Gallup: Congressional Dems beat GOP on generic 2012 ballot
In a new Gallup poll released Friday, a majority of registered voters say they would vote for a Democrat over a Republican if the 2012 congressional elections were held today.
The poll found 51 percent of voters leaning towards voting for a Democrat in next fall’s congressional election, with 44 percent saying they would vote Republican. Six percent were undecided, or would vote for a third party.
The Hill reports that although both major political parties were hurt by the debt ceiling debate, which ultimately resulted in a decision by Standard and Poor’s to downgrade the United States’ credit rating, the poll suggests Republicans will suffer more in the eyes of voters.
Incumbent members of Congress are also in trouble. Only 24 percent of voters say their representatives deserve to be reelected, a Gallup poll released earlier in the week found. That’s the lowest number Gallup has ever recorded for this question.
Congressional approval ratings are also at an all-time low. A New York Times/CBS News poll released last week found 82 percent of Americans disapprove of the job Congress is doing. Only 14 percent said Congress was doing a good job.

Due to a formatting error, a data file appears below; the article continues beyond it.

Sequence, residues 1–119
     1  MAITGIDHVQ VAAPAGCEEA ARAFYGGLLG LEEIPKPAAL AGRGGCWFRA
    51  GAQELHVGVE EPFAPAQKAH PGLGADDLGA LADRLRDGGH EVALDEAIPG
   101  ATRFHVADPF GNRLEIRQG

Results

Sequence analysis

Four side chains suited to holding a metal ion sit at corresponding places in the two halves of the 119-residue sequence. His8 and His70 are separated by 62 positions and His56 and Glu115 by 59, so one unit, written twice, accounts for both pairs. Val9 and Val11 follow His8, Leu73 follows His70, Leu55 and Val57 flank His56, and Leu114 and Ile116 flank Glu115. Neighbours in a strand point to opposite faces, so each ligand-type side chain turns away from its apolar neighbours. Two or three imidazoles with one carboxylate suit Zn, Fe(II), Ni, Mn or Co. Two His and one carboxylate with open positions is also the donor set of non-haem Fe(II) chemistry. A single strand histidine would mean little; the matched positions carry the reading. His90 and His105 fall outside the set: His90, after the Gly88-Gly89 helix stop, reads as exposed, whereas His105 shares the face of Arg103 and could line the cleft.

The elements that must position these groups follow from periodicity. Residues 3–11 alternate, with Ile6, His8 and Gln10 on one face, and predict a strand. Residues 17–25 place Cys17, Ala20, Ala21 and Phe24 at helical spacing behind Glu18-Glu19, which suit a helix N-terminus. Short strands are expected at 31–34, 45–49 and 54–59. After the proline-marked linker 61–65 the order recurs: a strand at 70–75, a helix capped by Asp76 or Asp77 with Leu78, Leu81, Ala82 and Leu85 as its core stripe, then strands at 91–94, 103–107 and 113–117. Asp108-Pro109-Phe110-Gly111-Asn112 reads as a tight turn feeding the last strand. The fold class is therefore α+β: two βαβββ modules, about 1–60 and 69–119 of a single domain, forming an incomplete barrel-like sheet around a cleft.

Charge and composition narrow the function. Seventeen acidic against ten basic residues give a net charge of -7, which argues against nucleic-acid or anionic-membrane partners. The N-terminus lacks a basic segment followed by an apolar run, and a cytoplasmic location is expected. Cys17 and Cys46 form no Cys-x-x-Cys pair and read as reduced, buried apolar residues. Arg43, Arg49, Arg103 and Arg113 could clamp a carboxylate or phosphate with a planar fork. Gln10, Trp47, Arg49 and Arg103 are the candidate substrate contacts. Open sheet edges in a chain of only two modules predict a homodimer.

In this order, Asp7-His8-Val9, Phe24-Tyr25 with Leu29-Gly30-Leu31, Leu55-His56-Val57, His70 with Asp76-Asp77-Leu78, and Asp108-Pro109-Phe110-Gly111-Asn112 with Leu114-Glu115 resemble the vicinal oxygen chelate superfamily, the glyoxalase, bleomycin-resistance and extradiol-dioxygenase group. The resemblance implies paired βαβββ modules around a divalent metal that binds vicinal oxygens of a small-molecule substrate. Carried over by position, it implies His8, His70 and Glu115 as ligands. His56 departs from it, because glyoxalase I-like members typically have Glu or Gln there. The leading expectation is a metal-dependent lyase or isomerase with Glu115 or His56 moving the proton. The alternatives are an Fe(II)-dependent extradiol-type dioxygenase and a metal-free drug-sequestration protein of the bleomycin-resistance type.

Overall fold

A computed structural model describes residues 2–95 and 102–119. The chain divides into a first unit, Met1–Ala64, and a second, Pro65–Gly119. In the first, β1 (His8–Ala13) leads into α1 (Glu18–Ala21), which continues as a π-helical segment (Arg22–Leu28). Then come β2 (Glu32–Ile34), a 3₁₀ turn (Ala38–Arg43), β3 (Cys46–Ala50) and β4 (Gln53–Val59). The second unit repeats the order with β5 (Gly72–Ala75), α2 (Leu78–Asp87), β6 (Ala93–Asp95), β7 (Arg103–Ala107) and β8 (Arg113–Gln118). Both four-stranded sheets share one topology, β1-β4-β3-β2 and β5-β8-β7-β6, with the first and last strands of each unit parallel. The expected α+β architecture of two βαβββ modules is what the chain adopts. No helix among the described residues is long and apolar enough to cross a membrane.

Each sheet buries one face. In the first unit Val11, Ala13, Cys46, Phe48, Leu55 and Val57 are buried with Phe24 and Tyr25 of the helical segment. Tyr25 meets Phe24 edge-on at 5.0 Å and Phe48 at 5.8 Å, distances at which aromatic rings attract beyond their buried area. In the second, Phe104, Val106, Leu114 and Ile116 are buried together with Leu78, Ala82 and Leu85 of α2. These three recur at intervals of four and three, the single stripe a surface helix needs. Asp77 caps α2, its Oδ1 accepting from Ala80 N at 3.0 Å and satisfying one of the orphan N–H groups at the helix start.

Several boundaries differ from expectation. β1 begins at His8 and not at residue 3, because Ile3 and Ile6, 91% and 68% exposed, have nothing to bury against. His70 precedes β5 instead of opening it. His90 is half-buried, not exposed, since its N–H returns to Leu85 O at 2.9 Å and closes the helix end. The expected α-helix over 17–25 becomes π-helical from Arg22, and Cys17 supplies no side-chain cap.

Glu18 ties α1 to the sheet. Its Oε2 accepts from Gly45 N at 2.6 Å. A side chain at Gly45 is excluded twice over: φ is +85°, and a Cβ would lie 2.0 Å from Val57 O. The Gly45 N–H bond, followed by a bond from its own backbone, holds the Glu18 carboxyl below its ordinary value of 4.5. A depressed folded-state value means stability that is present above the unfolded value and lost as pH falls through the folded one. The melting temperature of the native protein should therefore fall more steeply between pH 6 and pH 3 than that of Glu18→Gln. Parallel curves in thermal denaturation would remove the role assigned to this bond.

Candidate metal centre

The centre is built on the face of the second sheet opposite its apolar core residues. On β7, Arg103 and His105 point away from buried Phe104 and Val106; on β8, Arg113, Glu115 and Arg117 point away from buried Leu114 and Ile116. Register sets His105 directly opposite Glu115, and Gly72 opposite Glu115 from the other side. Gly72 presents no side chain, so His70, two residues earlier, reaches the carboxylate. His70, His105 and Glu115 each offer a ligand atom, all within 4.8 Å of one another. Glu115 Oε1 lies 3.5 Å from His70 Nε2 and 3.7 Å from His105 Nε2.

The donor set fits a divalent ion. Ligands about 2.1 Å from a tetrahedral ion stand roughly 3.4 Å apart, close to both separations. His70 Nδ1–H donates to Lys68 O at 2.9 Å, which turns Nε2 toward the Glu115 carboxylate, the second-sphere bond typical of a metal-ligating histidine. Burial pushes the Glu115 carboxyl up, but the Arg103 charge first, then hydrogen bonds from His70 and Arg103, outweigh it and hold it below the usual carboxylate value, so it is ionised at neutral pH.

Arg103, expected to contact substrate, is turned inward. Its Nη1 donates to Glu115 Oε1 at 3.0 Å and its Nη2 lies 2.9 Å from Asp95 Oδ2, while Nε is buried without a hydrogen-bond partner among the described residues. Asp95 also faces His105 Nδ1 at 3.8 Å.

The Gallup poll released Friday also spells bad news for tea party candidates. Forty-two percent of registered voters (and 38 percent of independent voters) said they were less likely to vote for a candidate associated with the tea party movement. Meanwhile, 23 percent said they would be more likely to vote for tea party- affiliated candidate..
But Democrats shouldn’t pop the champagne corks just yet. Though Democrats win the generic ballot, their “favorable” and “unfavorable” public opinion numbers are both at 47 percent.
The poll does bring some good news for President Obama, who has trailed generic Republican candidates for two straight months. Friday’s Gallup poll has Obama beating a nameless Republican by six percentage points, 46 percent to 39.
The poll has a margin of error of plus or minus four percentage points. Gallup asked the questions after the recent debt ceiling battle subsided.